Your ‘Common Cause Floor’ will Help Define a Reasonable DPMO Target

Let’s look in on Patty; it has been a very long time …

Patty left her house in Woodstock VT very early on her way to Ivy University. She chuckled at the darkness of the early morning; it reminded her of a book she was reading.  In the book, Gray Girl, Jan Wishart is a young woman in her first year at West Point. The cadets use military time, so, for example, 9:00AM is referred to as 0900 hrs. When it is so early that it is still very dark, the cadets simply call it, “0 dark thirty.”

She had to admit that, even though she occasionally had to leave at “0 dark thirty,” she loved being a professor at Ivy University. She had just finished teaching a statistics class and had submitted the grades – she was ready for the holiday break.  As she drove past the Woodstock Green, she noticed that Christmas ornaments decorated Woodstock’s covered bridge. The entire town was getting ready for Wassail Weekend.

“What a great place to raise a family,” Patty thought.  She, her husband Rob, and their twin 7-year-old sons just loved it there.  It was a very wholesome place for the boys (all three), with many outdoor activities.

She was going in early to meet with The Professor, but, before that, she had to hit the gym for her daily workout.  As she approached the Taftsville Bridge she decided to venture across and take the back road. This route was a mile longer, but crossing the bridge and riding on the back road was more uplifting to the soul.  The back road went along the river and was more picturesque and peaceful than the bustling Vermont Route 4.

The bridge in Taftsville, VT, is a pleasant sight on the way to Ivy University.

Wild turkeys near Taftsville, VT.

After crossing the bridge and driving a few miles, she suddenly had to hit the brakes as a flock of wild turkeys crossed the road – just another reason to like living in Vermont.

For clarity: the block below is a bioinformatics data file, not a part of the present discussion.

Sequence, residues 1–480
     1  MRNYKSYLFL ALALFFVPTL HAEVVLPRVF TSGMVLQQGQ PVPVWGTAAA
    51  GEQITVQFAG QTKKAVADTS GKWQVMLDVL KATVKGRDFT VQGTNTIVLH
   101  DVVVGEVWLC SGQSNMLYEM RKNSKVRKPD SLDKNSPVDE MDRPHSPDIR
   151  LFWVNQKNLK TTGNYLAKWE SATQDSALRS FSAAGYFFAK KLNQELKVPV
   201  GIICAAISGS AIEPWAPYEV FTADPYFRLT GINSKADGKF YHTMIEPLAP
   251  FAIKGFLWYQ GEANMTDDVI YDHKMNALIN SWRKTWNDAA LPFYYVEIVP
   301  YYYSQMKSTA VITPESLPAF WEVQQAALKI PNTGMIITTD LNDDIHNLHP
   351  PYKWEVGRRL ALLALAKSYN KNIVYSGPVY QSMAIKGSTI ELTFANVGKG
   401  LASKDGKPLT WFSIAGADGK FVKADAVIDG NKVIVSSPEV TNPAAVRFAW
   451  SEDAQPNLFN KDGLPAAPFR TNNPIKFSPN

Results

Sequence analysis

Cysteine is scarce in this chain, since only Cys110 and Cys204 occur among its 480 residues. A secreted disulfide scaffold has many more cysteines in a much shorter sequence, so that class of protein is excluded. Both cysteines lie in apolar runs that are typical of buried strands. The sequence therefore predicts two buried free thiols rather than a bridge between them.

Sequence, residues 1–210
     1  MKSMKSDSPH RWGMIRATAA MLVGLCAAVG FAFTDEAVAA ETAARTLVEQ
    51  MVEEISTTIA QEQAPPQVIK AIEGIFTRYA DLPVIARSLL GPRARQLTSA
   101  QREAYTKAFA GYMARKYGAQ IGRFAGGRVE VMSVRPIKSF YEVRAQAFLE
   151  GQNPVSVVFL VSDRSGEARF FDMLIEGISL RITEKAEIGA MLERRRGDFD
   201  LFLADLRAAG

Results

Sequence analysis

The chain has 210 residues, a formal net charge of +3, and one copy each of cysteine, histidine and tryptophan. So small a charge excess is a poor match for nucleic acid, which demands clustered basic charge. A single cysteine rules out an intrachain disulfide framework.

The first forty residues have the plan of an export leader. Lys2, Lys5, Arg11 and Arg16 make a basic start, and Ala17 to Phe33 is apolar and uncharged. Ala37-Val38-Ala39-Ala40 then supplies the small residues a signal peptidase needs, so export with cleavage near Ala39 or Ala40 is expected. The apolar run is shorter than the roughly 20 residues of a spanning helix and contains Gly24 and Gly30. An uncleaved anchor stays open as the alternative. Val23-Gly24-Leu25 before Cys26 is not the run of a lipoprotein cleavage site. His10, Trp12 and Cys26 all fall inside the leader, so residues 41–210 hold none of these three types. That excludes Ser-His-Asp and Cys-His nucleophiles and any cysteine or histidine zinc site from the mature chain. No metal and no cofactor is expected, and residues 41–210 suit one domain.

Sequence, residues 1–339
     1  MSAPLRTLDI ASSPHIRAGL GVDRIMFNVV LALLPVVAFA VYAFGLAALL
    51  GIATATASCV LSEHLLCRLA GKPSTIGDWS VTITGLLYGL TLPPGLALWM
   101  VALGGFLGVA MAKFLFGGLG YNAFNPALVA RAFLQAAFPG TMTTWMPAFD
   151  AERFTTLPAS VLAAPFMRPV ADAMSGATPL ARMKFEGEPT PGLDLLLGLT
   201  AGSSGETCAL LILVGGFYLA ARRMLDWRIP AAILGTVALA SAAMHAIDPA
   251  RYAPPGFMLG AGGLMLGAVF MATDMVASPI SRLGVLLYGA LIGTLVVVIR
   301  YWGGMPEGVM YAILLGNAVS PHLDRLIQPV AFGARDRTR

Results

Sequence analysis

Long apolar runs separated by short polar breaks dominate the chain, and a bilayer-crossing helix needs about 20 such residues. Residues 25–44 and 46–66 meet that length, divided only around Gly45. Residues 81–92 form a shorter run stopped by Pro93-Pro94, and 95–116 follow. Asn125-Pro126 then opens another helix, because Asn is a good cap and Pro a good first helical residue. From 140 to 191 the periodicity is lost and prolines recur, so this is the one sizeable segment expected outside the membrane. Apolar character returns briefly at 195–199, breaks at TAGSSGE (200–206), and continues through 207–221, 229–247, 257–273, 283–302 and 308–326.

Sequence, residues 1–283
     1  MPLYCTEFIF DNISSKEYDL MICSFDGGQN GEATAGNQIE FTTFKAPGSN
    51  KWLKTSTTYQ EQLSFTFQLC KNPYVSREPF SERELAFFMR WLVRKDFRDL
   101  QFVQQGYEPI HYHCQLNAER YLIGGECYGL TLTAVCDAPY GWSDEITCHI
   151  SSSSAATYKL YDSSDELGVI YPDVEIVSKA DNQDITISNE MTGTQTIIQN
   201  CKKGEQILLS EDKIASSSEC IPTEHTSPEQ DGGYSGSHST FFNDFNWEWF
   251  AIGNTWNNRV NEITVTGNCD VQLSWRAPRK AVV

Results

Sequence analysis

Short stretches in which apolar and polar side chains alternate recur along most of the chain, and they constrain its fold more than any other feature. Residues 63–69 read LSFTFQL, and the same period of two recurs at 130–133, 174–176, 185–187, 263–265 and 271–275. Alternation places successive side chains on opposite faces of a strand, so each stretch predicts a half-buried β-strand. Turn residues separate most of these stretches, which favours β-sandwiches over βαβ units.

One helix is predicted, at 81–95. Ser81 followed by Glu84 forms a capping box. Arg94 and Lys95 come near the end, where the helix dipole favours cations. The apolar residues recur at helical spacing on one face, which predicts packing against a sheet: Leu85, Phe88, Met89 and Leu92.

Before she knew it, she was in the faculty parking lot.  As with almost all universities, parking was a challenge. But, the sun was just rising on this late November day and the lot was mostly empty – except for Dean Howard’s car.

After her workout and shower, she was in The Professor’s office with her long-term sidekick, Pete.  Her husband Rob would join them soon after getting the boys off to school.  The four of them spoke Spanish and, when together, agreed to converse in this romance language to keep their skill sharp.  If Pete wasn’t there, the three would speak Mandarin Chinese, a language he didn’t know.  No one knew for sure how many languages The Professor spoke, but it was rumored to be about 18.  His parents were missionaries for Wycliffe Bible Translators, so he lived in many countries as a youth.

“Hola a mis amigos, la razón por la que les invité aquí fue a discutir DPMO,” The Professor began.

(The remainder of the text will be in English for our non-Spanish speakers.)

“Gee, I haven’t heard people talk about DPMO in years,” Pete responded.

“Remind us how it is tallied,” The Professor requested.

“Well, in electronics assembly, each lead that is assembled is counted as a possible soldering defect ‘opportunity,’ so you count the end of line defects and divide by the opportunities,” Pete began.

“Don’t forget that you normalize to parts per million,” Patty added.

“That’s where DPMO (defects per million opportunities) comes from,” Rob chimed in as he stuck his head in the door.

“And don’t forget to add one defect opportunity for the component itself,” The Professor added.

“Why the concern for DPMO?” Patty asked.

“One of my clients asked if a DPMO of 20 was good enough.” The Professor answered.

“With continuous improvement, shouldn’t they be striving to improve?” Pete asked.

“Well, to a point. But does anyone have a counter-thought?” The Professor answered, always trying to make a learning experience.